So, what is the recent discovery about? “We were developing a new type of terahertz detector,” says Dr. Wladislaw Michailow, Junior Research Fellow at Trinity College Cambridge, “but when measuring its performance, it turned out that it showed a much stronger signal than should be theoretically expected. So we came up with a new explanation.”

This explanation, as the scientists say, lies in the way how light interacts with matter. At high frequencies, matter absorbs light in the form of single particles – photons. This interpretation, first proposed by Einstein, formed the foundation of quantum mechanics and was able to explain the photoelectric effect. This quantum photoexcitation is how light is detected by cameras in our smartphones; it is also what generates electricity from light in solar cells.

The well-known photoelectric effect consists of the release of electrons from a conductive material – a metal or a semiconductor – by incident photons. In the three-dimensional case, electrons can be expelled into vacuum by photons in the ultraviolet or x-ray range, or released into a dielectric in the mid-infrared to visible range. The novelty is in the discovery of a quantum photoexcitation process in the terahertz range, similar to the photoelectric effect. “The fact that such effects can exist within highly conductive, two-dimensional electron gases at much lower frequencies has not been understood so far,” explains Wladislaw, first author of the study, “but we have been able to prove this experimentally.” The quantitative theory of the effect was developed by a colleague from the University of Augsburg, Germany, and the international team of researchers recently published their findings in the reputable journal Science Advances.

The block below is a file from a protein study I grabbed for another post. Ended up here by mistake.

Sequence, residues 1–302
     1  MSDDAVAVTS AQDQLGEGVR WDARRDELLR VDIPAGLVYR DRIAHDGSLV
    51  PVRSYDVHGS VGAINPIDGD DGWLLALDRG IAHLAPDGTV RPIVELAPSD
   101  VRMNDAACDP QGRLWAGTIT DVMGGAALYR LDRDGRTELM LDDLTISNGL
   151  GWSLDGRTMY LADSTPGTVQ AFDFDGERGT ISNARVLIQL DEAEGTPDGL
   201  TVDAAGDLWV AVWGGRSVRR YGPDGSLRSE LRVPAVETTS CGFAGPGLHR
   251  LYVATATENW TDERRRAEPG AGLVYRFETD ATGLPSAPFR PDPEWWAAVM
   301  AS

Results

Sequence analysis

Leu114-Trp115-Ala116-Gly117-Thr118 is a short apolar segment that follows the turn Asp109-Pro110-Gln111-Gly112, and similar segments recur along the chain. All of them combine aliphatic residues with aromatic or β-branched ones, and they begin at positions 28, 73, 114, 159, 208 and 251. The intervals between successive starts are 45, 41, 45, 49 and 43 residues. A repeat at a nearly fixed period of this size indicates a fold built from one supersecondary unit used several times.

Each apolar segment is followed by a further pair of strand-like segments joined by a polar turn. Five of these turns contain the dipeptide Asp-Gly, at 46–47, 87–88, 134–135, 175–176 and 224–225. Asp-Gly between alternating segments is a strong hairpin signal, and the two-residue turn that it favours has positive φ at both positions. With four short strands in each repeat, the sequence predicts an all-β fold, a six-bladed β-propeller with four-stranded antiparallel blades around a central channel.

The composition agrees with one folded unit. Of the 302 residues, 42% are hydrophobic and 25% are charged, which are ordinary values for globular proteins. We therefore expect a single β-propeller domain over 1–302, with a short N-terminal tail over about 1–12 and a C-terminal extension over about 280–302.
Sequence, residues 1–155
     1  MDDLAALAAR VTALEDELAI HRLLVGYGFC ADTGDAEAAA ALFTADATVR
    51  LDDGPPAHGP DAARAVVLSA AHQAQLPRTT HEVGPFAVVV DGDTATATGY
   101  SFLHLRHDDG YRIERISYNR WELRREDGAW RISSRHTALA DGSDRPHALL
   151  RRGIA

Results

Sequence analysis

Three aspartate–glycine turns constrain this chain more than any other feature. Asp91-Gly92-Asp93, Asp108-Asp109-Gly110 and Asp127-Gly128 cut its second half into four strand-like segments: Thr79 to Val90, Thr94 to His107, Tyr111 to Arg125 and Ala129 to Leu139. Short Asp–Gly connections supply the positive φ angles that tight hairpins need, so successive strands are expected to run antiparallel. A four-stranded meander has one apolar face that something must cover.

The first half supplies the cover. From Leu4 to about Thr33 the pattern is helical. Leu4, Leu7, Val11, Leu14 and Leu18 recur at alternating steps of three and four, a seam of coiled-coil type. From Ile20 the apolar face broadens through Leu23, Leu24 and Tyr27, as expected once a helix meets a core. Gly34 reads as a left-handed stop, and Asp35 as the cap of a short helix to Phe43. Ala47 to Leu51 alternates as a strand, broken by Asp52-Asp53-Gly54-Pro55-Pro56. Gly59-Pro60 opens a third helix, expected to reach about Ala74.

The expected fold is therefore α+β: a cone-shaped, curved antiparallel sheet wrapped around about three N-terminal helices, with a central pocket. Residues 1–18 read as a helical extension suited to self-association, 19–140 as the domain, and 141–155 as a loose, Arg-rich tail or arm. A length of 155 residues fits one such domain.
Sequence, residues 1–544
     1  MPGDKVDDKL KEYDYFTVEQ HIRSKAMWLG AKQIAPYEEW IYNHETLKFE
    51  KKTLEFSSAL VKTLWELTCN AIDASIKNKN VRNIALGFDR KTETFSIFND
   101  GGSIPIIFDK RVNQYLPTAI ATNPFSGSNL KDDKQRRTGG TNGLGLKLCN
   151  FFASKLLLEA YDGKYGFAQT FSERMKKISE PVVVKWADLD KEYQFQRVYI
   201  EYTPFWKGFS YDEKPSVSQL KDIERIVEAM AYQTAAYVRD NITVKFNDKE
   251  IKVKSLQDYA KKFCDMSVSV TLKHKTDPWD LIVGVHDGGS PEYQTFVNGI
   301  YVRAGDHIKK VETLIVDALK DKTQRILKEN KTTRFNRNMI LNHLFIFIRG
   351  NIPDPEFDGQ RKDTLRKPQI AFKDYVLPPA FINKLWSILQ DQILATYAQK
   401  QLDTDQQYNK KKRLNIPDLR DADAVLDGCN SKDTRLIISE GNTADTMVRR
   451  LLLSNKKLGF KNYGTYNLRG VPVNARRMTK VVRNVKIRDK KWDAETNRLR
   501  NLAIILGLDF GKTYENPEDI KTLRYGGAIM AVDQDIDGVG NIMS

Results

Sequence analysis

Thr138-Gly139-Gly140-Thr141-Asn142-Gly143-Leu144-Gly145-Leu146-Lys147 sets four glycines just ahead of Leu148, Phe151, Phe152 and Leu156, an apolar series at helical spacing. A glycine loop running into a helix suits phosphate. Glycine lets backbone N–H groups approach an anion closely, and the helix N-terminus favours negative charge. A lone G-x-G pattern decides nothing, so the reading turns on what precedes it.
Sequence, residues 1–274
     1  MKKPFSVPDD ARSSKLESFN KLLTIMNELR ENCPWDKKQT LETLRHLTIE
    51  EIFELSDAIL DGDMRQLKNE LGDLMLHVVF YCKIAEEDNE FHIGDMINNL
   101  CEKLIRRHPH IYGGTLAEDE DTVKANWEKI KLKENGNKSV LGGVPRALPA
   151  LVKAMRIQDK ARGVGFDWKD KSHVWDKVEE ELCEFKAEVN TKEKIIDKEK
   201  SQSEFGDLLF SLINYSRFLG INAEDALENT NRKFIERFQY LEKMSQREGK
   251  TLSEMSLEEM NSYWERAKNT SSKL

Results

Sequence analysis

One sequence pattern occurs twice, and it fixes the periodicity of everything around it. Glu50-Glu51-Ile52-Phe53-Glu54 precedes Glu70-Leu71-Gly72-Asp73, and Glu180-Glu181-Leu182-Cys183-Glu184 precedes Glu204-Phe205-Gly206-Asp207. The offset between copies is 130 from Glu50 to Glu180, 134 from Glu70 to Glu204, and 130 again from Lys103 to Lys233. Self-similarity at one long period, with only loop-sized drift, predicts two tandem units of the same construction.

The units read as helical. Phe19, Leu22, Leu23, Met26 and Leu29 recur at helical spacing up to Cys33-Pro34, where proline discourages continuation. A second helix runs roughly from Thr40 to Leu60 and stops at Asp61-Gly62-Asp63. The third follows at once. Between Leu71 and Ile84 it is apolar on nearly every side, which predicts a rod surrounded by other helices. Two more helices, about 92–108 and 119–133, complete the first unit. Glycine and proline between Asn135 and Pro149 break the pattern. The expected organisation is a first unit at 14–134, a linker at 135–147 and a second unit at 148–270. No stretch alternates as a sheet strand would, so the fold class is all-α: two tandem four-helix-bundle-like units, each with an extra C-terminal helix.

The researchers called the phenomenon accordingly, as an “in-plane photoelectric effect.” In the corresponding paper, the scientists describe several benefits of exploiting this effect for terahertz detection. In particular, the magnitude of photoresponse that is generated by incident terahertz radiation by the “in-plane photoelectric effect” is much higher than expected from other mechanisms that have been heretofore known to give rise to a terahertz photoresponse. Thus, the scientists expect that this effect will enable the fabrication of terahertz detectors with substantially higher sensitivity.

“This brings us one step closer to making terahertz technology usable in the real world,” concludes Prof Ritchie.

Reference: “An in-plane photoelectric effect in two-dimensional electron systems for terahertz detection” by Wladislaw Michailow, Peter Spencer, Nikita W. Almond, Stephen J. Kindness, Robert Wallis, Thomas A. Mitchell, Riccardo Degl’Innocenti, Sergey A. Mikhailov, Harvey E. Beere and David A. Ritchie, 15 April 2022, Science Advances.
DOI: 10.1126/sciadv.abi8398

The work was supported by the EPSRC projects HyperTerahertz (no. EP/P021859/1) and grant no. EP/S019383/1, the Schiff Foundation of the University of Cambridge, Trinity College Cambridge, as well as the European Union’s Horizon 2020 research and innovation program Graphene Core 3 (grant no. 881603).